India calls Rohingya refugees 'threat to national security'

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Minister of State for Home Affairs Kiren Rijiju on Wednesday hit out at those criticising the government's decision to deport Rohingyas staying illegally in the country, and said it is a "calibrated design" to "tarnish" India's image. "It (such statements) undermines India's security".

Last month, the West Bengal government had announced that it would distribute identity cards issued by the United Nations High Commissioner for Refugees (UNHCR) to Rohingya children lodged in juvenile justice homes across the state after UNHCR officials in India wrote to the West Bengal government.

In a bluntly worded affidavit submitted in Supreme Court, the government on Thursday has made it clear that it is against staying of Rohingya Muslims as illegal refugees in India.

While granting Indian citizenship to Chakma and Hajong refugees, the Centre on Wednesday maintained its stand on Rohingyas that they are "illegal".

The affidavit has to be filed following a Supreme Court directive in response to a petition filed by two Rohingya immigrants, Mohammad Salimullah and Mohammad Shaqir, claiming that they had taken refuge in India following persecution against their community in Myanmar.

"This act would also be in contradiction with the principle of "Non-Refoulement", which has been widely recognised as a principle of Customary International Law", the plea said, while seeking a direction to the government not to deport them and other members of Rohingya community.

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Rohingyas are a Muslim minority of Myanmar who have fled to neighbouring countries such as Bangladesh and India to escape violence.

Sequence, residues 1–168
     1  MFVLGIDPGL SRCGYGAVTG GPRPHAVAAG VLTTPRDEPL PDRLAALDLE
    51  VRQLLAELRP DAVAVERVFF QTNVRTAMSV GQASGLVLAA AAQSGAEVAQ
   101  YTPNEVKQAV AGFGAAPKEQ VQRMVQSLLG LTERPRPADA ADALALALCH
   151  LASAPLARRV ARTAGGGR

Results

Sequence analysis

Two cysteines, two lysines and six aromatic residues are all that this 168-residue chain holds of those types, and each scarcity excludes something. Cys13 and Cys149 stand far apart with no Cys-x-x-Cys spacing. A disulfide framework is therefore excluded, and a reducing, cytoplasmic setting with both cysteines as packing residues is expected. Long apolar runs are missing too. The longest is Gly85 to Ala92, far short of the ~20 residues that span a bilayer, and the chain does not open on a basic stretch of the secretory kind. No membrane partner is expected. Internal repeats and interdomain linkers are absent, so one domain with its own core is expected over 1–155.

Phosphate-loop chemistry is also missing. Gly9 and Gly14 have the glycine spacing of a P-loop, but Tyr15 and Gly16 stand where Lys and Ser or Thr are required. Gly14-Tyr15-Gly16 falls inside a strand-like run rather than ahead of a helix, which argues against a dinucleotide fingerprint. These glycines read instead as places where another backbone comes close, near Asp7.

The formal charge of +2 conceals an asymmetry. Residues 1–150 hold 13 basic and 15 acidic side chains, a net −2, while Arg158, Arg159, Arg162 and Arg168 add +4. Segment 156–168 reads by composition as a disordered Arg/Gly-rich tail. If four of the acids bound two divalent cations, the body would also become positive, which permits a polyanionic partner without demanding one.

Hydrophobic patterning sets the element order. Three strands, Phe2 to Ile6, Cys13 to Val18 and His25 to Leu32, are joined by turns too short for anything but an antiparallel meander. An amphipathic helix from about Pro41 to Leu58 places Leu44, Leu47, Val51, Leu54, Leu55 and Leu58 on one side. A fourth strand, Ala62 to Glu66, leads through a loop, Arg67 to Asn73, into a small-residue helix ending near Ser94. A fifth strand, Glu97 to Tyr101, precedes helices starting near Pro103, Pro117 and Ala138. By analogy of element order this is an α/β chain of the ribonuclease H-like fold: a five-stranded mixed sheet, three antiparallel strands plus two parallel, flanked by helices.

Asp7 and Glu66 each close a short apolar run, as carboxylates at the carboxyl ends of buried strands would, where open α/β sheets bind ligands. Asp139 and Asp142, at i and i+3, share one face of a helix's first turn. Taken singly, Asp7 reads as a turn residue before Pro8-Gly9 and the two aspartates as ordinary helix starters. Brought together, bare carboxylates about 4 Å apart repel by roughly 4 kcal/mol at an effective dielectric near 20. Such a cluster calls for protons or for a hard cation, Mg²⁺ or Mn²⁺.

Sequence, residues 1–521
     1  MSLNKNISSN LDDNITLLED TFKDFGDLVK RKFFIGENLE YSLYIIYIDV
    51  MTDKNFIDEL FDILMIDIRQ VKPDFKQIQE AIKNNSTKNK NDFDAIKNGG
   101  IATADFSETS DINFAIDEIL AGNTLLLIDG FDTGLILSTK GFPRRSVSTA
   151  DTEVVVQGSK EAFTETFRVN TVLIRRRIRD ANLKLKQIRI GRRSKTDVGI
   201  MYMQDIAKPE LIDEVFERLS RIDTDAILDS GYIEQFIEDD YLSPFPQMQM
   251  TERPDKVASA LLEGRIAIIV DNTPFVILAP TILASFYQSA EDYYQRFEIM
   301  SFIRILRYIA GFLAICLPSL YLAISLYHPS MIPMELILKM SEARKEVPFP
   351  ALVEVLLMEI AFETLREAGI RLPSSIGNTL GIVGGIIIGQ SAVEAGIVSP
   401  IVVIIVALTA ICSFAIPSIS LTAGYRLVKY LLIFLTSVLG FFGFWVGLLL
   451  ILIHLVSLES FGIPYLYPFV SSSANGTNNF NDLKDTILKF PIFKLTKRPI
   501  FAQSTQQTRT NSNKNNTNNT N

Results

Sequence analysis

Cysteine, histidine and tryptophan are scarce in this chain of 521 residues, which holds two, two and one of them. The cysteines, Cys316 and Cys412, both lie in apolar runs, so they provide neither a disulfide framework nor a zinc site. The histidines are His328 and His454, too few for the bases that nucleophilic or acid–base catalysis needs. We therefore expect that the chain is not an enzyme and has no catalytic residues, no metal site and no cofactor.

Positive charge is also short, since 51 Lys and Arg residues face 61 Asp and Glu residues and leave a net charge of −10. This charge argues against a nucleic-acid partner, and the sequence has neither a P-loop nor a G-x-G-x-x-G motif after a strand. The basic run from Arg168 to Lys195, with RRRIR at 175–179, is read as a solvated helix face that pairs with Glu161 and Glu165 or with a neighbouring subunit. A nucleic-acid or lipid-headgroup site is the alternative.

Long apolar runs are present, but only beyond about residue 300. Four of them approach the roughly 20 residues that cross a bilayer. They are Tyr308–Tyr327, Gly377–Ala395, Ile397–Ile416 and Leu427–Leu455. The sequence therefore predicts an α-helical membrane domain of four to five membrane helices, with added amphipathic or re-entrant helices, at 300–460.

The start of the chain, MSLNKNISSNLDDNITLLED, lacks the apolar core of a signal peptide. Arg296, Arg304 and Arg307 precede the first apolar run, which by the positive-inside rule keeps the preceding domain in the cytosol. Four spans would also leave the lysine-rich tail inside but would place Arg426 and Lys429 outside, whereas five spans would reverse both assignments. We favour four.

Earlier it was reported that the filed affidavit on the expulsion of Rohingyas stated that the decision to deport the Rohingyas is taken in "larger public interest and in the interest of national security".

Mohammed Shahriar Alam, Bangladesh's junior foreign minister, said Saturday that India, Turkey, Morocco, Indonesia, Iran and Malaysia have already sent relief and the goods are waiting in an airport in nearby Chittagong. Only about 40,000 Rohingyas are acknowledged as citizens in their country.

Minister of State (Home) Hansraj Ahir on Wednesday said that the issues of law and order would be faced if the Rohingya immigrants stay in the country permanently.

In Yangon, presidential spokesman Zaw Htay said that while Myanmar's military denied crossing into Bangladesh's airspace, the matter was being investigated.

The government's draft affidavit says there is no "violation of fundamental rights of the petitioner" in this case. "When it was told that they (Lankan refugees) are taking part in terror, what was done?"

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